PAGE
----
Iceland Mag

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Iceland Mag


Government yields to locals who had blocked Ring Road in E. Iceland, to demand road funding

By Staff

  • Angry locals Farmers in Berufjörður fjord in East Iceland had blocked the Ring Road through the fjord on two occasions to force the government to live up to its promises of repairing the road in the fjord. Photo/Ólafur Björnsson.

Locals in Berufjörður fjord in East Iceland have won their battle over added funds to road repair. Last week the government announced that it would approve an additional 300 million ISK (2.7 million USD/2.5 million EUR) in funding to repair and pave the road through Berufjörður.

Democracy works
"We are ecstatic," Berglind Häsler, one of the leaders of the protests told the local news site Vísir. "I think it's great that they listened to the protesters who came from all around the country, and responded. It shows that democracy works."

However, she added that they would wait with any official celebrations until they could actually see road construction equipment arrive in the fjord. 

Broken promises


Local council meeting The town council of nearby town Djúpivogur held one of its meetings on a single lane bridge in Berufjörður, thus blocking the ring road. Photo/Vísir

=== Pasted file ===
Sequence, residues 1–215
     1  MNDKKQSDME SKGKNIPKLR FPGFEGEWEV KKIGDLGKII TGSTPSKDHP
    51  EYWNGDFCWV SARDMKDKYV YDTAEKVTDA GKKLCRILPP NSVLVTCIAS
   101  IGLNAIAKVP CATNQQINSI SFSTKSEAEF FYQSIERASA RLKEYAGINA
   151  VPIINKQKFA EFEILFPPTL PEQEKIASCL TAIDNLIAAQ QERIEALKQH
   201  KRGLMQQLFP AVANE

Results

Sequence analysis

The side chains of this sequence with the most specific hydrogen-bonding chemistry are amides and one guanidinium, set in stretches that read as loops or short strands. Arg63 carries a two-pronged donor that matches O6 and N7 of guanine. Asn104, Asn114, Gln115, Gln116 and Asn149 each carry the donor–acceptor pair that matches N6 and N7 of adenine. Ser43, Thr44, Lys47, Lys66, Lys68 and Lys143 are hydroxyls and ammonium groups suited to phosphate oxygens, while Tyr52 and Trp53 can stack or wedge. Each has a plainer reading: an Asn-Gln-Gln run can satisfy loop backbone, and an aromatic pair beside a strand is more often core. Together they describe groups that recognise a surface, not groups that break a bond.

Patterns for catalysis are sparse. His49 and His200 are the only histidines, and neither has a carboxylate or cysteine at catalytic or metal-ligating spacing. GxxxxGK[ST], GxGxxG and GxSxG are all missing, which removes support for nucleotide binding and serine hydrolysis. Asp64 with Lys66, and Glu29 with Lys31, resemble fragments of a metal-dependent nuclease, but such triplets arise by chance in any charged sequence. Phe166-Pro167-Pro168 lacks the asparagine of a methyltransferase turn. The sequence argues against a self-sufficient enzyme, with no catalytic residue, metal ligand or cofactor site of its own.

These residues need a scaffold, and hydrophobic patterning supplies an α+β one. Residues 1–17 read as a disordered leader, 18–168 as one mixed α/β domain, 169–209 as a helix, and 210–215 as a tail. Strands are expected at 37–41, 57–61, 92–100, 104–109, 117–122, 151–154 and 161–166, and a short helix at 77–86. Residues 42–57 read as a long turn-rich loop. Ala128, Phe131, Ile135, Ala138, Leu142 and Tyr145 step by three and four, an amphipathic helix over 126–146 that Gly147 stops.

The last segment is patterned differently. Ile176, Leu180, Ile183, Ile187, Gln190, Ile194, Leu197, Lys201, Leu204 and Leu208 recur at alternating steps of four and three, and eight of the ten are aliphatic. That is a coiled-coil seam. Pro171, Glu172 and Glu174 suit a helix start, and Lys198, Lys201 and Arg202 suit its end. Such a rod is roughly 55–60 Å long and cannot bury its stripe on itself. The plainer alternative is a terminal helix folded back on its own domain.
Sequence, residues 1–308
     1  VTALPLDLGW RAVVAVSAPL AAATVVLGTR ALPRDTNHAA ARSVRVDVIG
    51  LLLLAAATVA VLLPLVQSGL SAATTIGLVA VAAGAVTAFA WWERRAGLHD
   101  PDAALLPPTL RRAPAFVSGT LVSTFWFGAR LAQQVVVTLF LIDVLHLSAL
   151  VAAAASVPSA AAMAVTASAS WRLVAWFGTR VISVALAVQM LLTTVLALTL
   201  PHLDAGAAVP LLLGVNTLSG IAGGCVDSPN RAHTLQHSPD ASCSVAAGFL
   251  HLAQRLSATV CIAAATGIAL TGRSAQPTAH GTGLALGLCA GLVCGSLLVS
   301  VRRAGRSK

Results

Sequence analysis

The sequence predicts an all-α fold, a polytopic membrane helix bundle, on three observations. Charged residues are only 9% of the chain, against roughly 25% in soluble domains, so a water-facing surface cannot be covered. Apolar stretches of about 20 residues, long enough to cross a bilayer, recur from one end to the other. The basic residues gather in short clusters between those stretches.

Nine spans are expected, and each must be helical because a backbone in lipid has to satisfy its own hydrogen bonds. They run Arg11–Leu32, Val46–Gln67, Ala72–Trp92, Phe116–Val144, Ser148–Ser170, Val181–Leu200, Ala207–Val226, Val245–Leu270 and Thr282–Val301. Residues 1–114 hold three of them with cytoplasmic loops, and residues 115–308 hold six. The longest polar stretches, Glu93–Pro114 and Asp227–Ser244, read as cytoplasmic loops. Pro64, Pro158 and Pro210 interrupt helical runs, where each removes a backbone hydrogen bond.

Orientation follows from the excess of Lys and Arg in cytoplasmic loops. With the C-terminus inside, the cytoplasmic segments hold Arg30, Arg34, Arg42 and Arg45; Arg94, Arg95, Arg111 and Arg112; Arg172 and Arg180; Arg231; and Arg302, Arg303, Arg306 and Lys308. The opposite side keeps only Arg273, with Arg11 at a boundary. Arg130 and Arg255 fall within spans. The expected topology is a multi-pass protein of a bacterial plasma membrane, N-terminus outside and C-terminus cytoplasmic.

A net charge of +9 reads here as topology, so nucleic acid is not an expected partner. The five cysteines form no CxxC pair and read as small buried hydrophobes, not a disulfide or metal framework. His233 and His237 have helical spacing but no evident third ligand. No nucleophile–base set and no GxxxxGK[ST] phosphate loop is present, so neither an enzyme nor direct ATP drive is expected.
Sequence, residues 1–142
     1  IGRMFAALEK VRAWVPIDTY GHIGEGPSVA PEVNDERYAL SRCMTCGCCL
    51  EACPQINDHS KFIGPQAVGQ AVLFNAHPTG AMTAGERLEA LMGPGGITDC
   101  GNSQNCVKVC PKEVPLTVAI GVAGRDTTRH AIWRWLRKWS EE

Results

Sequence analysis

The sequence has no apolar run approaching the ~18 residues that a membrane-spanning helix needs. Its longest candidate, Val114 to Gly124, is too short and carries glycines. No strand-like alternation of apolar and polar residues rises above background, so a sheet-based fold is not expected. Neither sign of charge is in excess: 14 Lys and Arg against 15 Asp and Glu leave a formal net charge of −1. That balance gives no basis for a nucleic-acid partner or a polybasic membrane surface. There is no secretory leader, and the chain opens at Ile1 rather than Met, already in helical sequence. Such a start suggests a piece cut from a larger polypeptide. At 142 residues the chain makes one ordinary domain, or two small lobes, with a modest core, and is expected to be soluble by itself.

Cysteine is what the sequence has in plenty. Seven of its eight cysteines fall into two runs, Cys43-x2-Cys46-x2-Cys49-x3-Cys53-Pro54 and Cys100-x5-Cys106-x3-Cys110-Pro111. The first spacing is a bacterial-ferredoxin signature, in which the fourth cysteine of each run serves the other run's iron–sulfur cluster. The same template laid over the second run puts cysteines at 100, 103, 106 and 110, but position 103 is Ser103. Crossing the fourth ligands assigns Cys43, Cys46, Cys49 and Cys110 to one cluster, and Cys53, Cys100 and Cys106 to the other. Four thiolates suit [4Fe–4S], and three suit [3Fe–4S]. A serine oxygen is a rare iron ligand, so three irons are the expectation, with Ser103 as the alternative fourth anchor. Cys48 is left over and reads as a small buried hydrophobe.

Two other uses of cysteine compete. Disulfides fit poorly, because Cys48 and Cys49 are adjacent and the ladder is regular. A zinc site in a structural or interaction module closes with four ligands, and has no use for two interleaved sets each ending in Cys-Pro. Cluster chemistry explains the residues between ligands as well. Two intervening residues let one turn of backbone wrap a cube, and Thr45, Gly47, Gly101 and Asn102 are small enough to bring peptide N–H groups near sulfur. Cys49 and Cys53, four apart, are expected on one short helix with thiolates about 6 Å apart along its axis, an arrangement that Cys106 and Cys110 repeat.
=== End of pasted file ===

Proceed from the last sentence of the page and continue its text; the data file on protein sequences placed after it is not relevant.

In the lead-up to the October 2016 elections the government, which was at that time made up of  the center-right Progress Party and the Conservative Independence Party, had promised and approved a massive 10 billion ISK (91 million USD/84 million EUR) transportation infrastructure package, aimed at repairing and paving roads around Iceland, including the Ring Road in Berufjörður. After the elections the new government, led by the Independence party, scrapped the infrastructure plan completely.

The unpaved road is in desperate need for repairs, as deep potholes have turned the road into a dangerous obstacle course, locals argue. 

Blocking the road works
Earlier this month the local residents blocked the road on two occasions to pressure the government to live up to its previous promise. On Friday the government announced it would roll back some of the Draconian cuts to the investment plan, pledging funds to repair several projects. The local news site Vísir reports that among these are the paving of Berufjörður and a new bridge over Hornafjarðarfljót river in South East Iceland. Locals had also protested the decision not to build a new bridge by blocking the bridge.

Another project which will now be funded is a road to Dettifoss waterfall in North East Iceland. The road leading to one of Iceland's most beautiful waterfalls is under serious disrepair, causing the waterfall to be inaccessible to regular traffic for much of the year . 

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